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This peer review discussion has been closed.
I've listed this article for peer review because… This is a high quality article which could become an FA. Several editors have collaborated on improvements, and now an outside reviewer is needed to point out what parts still need improvement.
Mostly a good read, I have a few comments and issues.
I have a sense (without checking) from the writing that some of the article's language is remnant from Encyclopedia Britannica 1911 (which it probably started out from). If this is the case (i.e. the article has not been completely rewritten) it should be acknowledged.
Why is a website named "chevroncars.com" used as a source? (I don't expect you to answer why such a site has a bio of Marie on it...)
The reliability of that and other web-based sources may be questioned at GAN/FAC.
Article is heavily dependent on a single source. Is there really only one detailed bio of her?
Article is incompletely cited.
Her godparents should be identified by name.
"After all" is unnecessary.
"were treated to gardens and menageries" - clarify: does this mean they were given them as gifts, or that they were allowed to play in them, or what?
"allowing relaxations in the type of people who could come to court" - rephrase
Echoing Brianboulton's comments, images are biased toward portraits of Marie; portraits of von Fersen and some of her confidants would not be out of place here.
In some places images are placed directly opposite each other, bunching the text between. Images should be staggered, roughly alternating sides of the text.
"she concentrated mainly on horticulture, redesigning in the English mode the garden" - awkward
quote cited "(Weber 132)" needs to be properly integrated
"More importantly was" --> "More important was"
"Though many believed it was entirely the support of the queen that enabled them to secure their positions, in truth it was mostly that of Finance Minister Jacques Necker." - "in truth" is unnecessary. This sentence also needs clarification -- are the many believers contemporaries or historians? Whichever, some names would help.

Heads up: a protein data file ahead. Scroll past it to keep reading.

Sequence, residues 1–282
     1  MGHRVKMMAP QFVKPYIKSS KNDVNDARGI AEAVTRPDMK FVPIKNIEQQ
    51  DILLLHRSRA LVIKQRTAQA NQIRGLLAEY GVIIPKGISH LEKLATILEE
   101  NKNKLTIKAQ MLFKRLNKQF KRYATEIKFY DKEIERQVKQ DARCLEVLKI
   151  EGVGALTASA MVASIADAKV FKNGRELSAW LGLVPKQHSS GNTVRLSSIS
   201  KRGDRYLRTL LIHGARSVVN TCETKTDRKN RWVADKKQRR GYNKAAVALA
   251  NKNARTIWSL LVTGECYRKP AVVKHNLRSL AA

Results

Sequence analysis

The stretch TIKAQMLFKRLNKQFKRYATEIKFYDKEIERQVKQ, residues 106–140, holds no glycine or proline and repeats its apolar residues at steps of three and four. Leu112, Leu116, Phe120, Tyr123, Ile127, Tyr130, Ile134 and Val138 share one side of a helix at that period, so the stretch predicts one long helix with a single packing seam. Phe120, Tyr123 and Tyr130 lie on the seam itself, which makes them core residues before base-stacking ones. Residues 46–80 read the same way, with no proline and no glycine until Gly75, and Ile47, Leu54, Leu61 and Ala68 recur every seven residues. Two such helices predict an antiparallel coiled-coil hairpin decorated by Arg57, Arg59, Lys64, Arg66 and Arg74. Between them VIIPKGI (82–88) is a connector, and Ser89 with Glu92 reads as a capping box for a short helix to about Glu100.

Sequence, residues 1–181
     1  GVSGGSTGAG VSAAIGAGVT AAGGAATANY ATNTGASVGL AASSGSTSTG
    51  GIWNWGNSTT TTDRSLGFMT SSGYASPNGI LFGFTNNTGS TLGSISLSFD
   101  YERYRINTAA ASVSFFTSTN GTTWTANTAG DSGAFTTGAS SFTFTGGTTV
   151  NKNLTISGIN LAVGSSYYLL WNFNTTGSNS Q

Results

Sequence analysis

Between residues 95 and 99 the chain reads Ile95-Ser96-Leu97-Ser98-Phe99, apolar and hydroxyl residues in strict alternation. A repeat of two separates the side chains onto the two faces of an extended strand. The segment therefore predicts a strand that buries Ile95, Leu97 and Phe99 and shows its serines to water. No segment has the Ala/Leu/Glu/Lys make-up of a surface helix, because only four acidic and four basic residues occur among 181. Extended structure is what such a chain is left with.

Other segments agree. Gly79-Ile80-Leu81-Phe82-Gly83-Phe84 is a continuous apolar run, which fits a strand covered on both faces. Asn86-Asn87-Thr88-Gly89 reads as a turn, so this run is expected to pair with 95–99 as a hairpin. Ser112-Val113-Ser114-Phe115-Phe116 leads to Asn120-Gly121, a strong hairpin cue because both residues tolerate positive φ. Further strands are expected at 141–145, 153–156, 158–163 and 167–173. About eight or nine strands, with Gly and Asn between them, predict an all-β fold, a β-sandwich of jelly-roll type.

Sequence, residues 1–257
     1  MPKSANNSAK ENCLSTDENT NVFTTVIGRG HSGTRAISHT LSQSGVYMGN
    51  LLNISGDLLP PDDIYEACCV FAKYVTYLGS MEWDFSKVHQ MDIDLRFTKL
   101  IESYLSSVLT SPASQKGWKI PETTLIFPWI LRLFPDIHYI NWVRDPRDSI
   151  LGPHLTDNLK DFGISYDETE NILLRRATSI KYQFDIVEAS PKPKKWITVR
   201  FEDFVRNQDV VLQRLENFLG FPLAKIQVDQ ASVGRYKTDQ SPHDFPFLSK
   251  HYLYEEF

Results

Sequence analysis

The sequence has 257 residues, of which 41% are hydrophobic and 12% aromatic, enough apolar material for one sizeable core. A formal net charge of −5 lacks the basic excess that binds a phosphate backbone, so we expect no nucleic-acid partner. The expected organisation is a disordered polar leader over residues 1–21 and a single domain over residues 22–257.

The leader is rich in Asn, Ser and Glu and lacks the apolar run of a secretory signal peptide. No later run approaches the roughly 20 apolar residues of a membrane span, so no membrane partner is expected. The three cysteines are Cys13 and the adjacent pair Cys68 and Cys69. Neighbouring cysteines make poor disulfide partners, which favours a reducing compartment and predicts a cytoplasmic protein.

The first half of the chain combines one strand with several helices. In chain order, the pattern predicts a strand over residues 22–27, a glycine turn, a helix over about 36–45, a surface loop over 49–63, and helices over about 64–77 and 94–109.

In 1786-1789 (and possibly elsewhere) there are long multi-clause sentences. These should be broken into shorter sentences.
"This lack of solutions was unfairly blamed on the queen." This sentence, already tagged for citation, also demands clarification - who blamed the queen?
"In reality, the blame should have been placed on a combination of several other factors" and following. -- This is post-hoc historical analysis, and should be openly attributed to the historian doing it.
"Around the same time, Jeanne de Lamotte-Valois escaped from prison in France and fled to London, where she published more damaging lies concerning her supposed "affair" with the queen." -- this requires more context (who is this person, when was the supposed affair, how/why imprisoned, etc)
"The queen, however, was present with her daughter, Marie-Therese, when Tippu Sahib of Mysore visited Versailles seeking help against the British." -- Tipu Sultan never came to France; this is presumably a reference to an embassy he sent.
Brianboulton comments: Just a couple of issues - I have not read the article through:-
There are around 16 portraits or other images of Marie Antoinette in the article. This seems like way, way too many. You would be better advised to make a selection from these and reduce the number of redundant images.
I noticed a couple of problems in the lead:
"In April 1770, on the day of her marriage to Louis-Auguste, Dauphin of France, she subsequently became Dauphine of France." Remove the word "subsequently".
The last paragraph is very weakly written and reads badly. I have attempted to rephrase it thus:-
"After her death Marie Antoinette became part of popular culture. A major historical figure, she has been the subject of several books, films and other forms of media. Some academics and scholars have deemed her essentially frivolous and superficial, and that her attitudes were contributory to the French Revolution. Others have claimed that she has been treated unjustly by history, and have sought to portray her in a more sympathetic light."
Hi, Will Beback. I never worked on a peer review but I'll give it a try! I would like to recommend you Teresa Cristina of the Two Sicilies. It's a FA I wrote sometime ago about an Italian born Brazilian Empress. It will be useful to you. Trust me. Some points I'd like to raise:
The lead should have at most four paragraphs. Not five as it is now. Each paragraph should be a little larger than it is now. There shouldn't be any reference on the lead, since we presume the information will be later found in the main text.
I really don't like this article's organization. You should drop the years on the section titles. You should also try to create more sections and less subsections, just like in Teresa Cristina's.
Each section should not be larger than the photo that is used to illustrate it. Is it a rule? No. I learned one thing about readers: they get tired if they see one huge section. Try to either make them shorter or divide them in subsections. Again, see Teresa Cristina's.